While elementary school students shouldn’t see many changes as the 2020-21 school year starts, education will be different for secondary students, says Nanaimo Ladysmith school district’s superintendent.
According to the B.C. Ministry of Education, school districts are required to post their COVID-19-conscious back-to-school plans online by today, Aug. 26 and Nanaimo Ladysmith Public Schools says it will offer in-class instruction, remote learning and support for home-schooling. In a post on YouTube last Friday, Scott Saywell, school district superintendent and CEO, said high school students won’t be on the semester system.
The ministry previously announced that students would receive instruction in learning groups, or cohorts, with a maximum of 60 students for elementary and 120 for secondary.
In the social media post, Saywell said the semester system wouldn’t allow for secondary students learning groups under 120 students. The school district would prefer flexibility in moving in and out of various provincial COVID-19 stages as the threat grows and shrinks.
Instead, Nanaimo Ladysmith Public Schools, like most other school districts in the province, will be moving to a ‘quarterly’ system that will see students taking two classes at a time over 10 weeks, four times during the school year. There will be one class in the morning and another in the afternoon.
“That’ll run for 10 times a week and then they will shift into the next two classes and of course, that will happen four times over the year, so that students can get their full complement of eight courses,” Saywell said.
According to the district restart plan document, secondary students will see break time and time in-between classes staggered “based on grade level and 120 learning group numbers.”
Because of the way the district is typically set up around elementary and middle school classrooms, which include fewer than 30 students, Saywell said younger students “won’t see much change when they return to school.”
The district recently received $1 million in funding from the ministry to ensure schools across the district are safe, said Saywell, and a majority of that will go towards hiring custodial staff, as well as cleaning supplies and a personal protective equipment for students and teachers, with 35,500 reusable masks and 15,000 disposable masks ordered by the district. Students can also bring their own masks.
Masks will be a requirement of all secondary staff and students in high-traffic areas, such as hallways and school buses or areas where safe distancing cannot be achieved, according to the restart plan. Elementary students will not be required to wear a mask, but can if they desire.
Denise Wood, Nanaimo-Ladysmith teachers’ union president, told the News Bulletin she is concerned for elementary school students as she said there are no protections other than hand-washing.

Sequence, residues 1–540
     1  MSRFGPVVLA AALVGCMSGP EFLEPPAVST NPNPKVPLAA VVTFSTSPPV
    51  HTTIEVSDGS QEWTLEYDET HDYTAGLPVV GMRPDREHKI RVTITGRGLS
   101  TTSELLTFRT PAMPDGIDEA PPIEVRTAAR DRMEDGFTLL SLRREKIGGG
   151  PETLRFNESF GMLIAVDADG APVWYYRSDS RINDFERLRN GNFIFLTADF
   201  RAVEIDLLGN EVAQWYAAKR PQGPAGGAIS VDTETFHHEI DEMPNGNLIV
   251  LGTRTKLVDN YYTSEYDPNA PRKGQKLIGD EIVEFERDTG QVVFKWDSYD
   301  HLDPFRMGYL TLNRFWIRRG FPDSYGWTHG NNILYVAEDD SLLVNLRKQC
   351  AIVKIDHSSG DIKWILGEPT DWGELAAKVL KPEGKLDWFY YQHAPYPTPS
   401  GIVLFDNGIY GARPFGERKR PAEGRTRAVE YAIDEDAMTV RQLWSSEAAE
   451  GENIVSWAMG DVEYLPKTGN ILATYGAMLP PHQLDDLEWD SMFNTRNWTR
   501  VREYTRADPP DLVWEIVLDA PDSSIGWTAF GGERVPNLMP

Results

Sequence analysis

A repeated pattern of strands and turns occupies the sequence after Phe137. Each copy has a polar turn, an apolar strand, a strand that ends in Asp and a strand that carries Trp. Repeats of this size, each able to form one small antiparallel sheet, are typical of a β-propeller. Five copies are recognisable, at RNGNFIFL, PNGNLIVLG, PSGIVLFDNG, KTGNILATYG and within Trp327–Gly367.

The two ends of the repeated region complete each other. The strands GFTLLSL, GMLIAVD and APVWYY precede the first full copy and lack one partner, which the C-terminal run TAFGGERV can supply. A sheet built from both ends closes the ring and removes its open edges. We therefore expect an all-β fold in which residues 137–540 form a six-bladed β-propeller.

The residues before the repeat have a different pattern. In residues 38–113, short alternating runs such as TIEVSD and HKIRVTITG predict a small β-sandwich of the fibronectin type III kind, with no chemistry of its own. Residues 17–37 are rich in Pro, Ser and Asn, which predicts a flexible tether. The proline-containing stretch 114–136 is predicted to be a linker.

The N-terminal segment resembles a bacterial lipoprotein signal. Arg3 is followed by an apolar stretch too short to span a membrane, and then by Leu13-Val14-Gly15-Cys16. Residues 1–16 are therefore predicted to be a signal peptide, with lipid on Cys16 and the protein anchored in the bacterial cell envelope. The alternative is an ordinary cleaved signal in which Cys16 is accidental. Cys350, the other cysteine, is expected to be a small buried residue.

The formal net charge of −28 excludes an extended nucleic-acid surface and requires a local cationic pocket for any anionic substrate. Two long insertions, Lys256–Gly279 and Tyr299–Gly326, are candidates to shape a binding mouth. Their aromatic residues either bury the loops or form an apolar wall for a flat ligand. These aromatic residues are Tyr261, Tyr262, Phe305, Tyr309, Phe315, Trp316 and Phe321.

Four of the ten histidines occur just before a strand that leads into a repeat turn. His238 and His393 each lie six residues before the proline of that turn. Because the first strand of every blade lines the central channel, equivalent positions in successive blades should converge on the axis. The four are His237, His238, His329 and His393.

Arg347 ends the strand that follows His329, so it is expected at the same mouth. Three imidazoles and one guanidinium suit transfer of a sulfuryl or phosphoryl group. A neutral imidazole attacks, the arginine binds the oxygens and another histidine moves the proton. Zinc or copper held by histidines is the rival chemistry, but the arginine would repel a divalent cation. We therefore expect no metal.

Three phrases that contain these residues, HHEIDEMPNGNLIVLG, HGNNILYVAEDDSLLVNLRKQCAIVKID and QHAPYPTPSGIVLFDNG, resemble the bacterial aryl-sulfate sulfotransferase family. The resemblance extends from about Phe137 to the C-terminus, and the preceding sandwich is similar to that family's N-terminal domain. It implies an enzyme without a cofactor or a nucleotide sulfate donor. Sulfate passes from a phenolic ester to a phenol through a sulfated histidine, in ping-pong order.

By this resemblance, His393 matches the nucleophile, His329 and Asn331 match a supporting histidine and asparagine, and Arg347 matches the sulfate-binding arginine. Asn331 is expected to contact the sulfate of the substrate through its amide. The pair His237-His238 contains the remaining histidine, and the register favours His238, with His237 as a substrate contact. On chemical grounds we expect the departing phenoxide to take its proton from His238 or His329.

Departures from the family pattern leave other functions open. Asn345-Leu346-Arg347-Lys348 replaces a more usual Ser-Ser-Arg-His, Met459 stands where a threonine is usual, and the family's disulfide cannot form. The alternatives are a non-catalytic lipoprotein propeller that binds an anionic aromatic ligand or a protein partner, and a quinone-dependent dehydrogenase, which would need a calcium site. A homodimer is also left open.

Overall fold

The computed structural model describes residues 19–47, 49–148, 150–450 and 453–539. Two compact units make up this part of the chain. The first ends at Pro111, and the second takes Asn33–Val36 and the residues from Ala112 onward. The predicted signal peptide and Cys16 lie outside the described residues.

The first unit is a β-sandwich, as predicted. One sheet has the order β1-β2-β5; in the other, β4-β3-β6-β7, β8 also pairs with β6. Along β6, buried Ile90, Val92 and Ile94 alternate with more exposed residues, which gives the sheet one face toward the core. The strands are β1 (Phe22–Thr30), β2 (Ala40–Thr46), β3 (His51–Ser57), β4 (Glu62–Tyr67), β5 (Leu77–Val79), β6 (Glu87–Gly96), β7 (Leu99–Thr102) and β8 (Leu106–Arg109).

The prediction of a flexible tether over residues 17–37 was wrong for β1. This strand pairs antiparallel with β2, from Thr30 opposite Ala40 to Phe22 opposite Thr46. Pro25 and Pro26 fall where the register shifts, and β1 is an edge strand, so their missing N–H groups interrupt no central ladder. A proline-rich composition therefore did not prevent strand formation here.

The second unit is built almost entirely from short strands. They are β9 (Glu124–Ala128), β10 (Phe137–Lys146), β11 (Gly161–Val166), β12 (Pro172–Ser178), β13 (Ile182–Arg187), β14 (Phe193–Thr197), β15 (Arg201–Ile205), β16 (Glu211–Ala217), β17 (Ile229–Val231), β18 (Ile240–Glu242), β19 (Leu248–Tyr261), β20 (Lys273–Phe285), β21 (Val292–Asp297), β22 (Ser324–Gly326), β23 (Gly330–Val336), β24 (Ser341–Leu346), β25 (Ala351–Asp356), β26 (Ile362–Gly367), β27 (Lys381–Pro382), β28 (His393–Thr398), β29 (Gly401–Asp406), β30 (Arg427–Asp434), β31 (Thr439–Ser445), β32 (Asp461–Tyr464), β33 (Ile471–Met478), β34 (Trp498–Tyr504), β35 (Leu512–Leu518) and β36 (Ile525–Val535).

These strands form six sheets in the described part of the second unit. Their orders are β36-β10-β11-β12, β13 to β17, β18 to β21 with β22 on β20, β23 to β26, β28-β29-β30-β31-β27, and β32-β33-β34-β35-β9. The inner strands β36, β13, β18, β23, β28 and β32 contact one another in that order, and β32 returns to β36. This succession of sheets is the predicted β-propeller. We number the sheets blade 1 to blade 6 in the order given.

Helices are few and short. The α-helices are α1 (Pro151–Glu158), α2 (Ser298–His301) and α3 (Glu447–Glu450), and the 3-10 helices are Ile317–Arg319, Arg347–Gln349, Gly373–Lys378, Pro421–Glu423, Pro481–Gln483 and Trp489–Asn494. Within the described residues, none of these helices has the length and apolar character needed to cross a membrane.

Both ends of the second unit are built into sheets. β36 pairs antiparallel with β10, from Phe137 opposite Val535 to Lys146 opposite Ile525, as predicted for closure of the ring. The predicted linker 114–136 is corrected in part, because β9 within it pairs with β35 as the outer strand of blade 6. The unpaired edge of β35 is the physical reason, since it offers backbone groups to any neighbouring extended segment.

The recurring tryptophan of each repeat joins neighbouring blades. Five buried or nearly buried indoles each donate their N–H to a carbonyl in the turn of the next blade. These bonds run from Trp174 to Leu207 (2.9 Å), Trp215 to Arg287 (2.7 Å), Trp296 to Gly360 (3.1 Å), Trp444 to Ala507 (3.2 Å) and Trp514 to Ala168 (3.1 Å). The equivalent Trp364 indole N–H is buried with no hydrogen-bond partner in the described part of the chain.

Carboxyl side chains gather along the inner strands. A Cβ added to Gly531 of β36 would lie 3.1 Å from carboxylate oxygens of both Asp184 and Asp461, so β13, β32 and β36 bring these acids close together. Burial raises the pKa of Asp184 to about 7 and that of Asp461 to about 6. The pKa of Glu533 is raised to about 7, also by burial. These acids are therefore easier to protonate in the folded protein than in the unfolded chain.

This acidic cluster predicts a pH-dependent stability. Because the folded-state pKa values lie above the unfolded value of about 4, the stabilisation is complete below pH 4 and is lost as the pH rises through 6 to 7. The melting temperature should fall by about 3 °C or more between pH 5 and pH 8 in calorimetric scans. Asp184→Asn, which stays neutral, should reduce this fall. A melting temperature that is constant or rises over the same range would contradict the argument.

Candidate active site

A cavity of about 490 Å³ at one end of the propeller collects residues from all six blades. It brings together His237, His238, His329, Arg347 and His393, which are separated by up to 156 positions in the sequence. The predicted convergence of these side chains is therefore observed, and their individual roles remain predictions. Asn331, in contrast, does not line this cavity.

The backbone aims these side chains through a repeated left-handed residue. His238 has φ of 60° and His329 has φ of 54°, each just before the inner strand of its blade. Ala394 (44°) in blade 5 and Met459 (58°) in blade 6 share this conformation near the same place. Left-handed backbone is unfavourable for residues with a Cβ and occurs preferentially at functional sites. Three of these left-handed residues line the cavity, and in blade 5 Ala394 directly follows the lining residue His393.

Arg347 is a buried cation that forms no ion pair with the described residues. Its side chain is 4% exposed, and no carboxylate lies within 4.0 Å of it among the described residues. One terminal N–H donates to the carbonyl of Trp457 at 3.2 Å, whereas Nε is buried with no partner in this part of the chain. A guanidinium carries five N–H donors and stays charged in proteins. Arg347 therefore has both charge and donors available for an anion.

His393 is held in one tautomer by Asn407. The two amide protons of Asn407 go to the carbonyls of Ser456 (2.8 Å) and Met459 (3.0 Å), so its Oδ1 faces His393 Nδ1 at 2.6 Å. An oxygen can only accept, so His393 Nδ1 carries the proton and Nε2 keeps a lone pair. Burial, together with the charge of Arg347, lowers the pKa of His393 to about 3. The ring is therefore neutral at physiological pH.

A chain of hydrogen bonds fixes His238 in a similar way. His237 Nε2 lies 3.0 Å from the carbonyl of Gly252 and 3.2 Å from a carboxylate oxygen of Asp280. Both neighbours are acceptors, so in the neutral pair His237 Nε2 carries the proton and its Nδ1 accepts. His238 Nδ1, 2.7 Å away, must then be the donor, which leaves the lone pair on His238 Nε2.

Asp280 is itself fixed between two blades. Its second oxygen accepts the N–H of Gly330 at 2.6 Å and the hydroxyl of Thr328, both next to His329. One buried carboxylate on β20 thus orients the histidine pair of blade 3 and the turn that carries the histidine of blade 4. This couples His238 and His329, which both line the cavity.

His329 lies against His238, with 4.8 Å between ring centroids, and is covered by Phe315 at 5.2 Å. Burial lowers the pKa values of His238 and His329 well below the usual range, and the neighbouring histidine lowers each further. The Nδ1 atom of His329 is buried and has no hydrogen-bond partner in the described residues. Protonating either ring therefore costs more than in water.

“They have an idea that the cohort system is going to protect people from catching the virus and that’s not what the cohort system does,” said Wood. “What [it] does is allow for easier contact tracing because if someone should get sick, then theoretically, they’ve only had contact with the people in their cohort … if I am a family, and I have two students who go to school, they’re going to be in different cohorts, chances are. So those kids aren’t physically distancing when they leave the school. If I’m a high school student and I have a girlfriend or boyfriend or even another close friend that’s not in my cohort, chances are those kids are not physically distancing when they leave school. It’s a flawed system.”
Students will be seated one per seat on school buses, although students from the same household can share if buses are crowded.
Dale Burgos, school district spokesperson, said there are opportunities for families to use distributed learning via the district’s Island ConnectEd program. Saywell said the district won’t limit the number of students choosing distributed learning.
Wood is worried for distance education teachers, as she said there are no workload limits.
“The district is under no obligation to hire more teachers for distributed learning and that’s going to be be problem because kids in DL don’t count for funding until they have completed a certain percentage of the course…” she said. “So I predict that students are not going to get the level of service that they’re hoping to from DL because the staffing certainly won’t be there in the beginning.”
The first day of school for students, originally scheduled for Sept. 8, has been pushed back to Sept. 10 and 11, said the superintendent, to allow staff time to become acclimatized to safety procedures.
“They’ll be getting their timetables and learning about all the new health and safety protocols at that time,” Saywell said.